Kuznetsov isn’t the only noteworthy addition to the Russian roster. Caps teammate Dmitry Orlov is also headed to the Worlds and, like Kuznetsov and Draisaitl, is also a pending RFA.

Edmonton and Washington will be keeping pretty close tabs on this tournament, hopeful they don’t run into a similar situation like Arizona and Tobias Rieder did last year. Rieder, who was a restricted free agent, opted to play for Germany and got hurt early in the tournament.

Rieder did recover in time to play for Team Europe at the World Cup, and signed with the Coyotes just days before the start of the regular season.

Nash plans to return to Rangers next season

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Rick Nash is under contract through 2018, and says he wants to stay in New York.

But questions surrounding his future don’t seem to be going away.

With many predicting significant changes coming to the Rangers following their playoff exit to Ottawa, Nash confirmed his desire to stay in the Big Apple during Thursday’s end-of-year media availability.

“I plan on being here, I plan on being a Ranger,” Nash said, per WFAN 660. “As a player, you can’t control that. You’ve got to leave that up to management.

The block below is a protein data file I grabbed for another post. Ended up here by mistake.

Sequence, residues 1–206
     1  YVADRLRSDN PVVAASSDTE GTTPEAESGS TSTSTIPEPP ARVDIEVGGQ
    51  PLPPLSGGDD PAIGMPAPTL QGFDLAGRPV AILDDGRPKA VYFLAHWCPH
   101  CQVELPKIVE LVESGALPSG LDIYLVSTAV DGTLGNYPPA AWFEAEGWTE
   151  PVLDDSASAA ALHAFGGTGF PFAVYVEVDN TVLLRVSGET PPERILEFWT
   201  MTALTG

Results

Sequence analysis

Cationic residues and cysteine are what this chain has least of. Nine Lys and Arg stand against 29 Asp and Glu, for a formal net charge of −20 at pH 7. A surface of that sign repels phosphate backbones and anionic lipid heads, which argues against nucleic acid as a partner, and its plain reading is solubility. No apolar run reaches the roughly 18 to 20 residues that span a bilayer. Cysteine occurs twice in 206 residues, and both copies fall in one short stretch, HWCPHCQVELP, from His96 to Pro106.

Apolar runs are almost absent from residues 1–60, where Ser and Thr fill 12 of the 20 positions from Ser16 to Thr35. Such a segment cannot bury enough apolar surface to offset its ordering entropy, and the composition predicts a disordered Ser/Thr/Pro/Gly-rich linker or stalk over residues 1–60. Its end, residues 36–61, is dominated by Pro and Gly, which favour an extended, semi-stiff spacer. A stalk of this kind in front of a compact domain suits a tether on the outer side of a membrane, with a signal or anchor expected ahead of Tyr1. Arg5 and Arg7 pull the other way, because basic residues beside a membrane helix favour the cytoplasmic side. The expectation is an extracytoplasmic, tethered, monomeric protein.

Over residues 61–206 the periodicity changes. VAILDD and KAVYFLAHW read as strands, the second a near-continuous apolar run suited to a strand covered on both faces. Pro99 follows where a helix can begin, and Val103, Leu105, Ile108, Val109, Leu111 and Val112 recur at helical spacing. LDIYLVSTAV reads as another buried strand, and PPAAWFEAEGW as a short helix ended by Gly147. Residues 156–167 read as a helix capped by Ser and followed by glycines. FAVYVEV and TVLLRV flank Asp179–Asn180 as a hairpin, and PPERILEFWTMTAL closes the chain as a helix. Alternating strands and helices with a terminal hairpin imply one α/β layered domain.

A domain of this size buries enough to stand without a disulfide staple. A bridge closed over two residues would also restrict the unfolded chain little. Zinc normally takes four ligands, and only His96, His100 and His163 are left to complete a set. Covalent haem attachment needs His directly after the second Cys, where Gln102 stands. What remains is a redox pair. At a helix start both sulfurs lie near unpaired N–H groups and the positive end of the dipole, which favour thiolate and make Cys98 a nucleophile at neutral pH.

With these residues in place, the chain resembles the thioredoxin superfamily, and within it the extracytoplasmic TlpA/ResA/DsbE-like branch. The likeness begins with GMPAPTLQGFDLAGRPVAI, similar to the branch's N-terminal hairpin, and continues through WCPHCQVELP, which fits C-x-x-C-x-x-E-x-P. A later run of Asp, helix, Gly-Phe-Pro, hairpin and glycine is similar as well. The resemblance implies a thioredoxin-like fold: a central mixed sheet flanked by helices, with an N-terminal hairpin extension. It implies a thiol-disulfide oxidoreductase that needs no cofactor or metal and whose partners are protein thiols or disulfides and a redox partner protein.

“I love being a Ranger.”

More: Changes needed for Rangers, but which ones to choose?

The 32-year-old is heading into the last of a monster eight-year, $62.4 million deal with a $7.8 million average annual cap hit. He has a modified no-trade clause — Nash can submit a 12-team trade list — and the Post has already floated him as a potential trade deadline rental for next season.

But one wonders if Nash will see the writing on the wall. It certainly sounds like he has, to some degree.

He, like many other Rangers, lamented how the current group blew a good opportunity, losing to a seemingly beatable Ottawa team. And this was the latest in a series of missed chances. New York has been to the playoffs every year in the Nash era and had some good success — one Cup Final appearance, three Eastern Conference finals — but never won it all.

Last year it was a first-round exit and this year, a second. The reality of the window closing is setting in.

“For me, it’s disappointing when you have a team that’s this good and an opportunity like we did,” Nash said on Tuesday, per the Post. “You only get so many cracks at this.”

Nash also surely knows that GM Jeff Gorton will probably continue to make his roster younger, and faster. This started last summer with the Derick Brassard-for-Mika Zibanejad trade, the acquisition of Jimmy Vesey and the growth of roles for Brady Skjei and Pavel Buchnevich.

If Gorton wants to continue down that path, some longtime Rangers could be in play.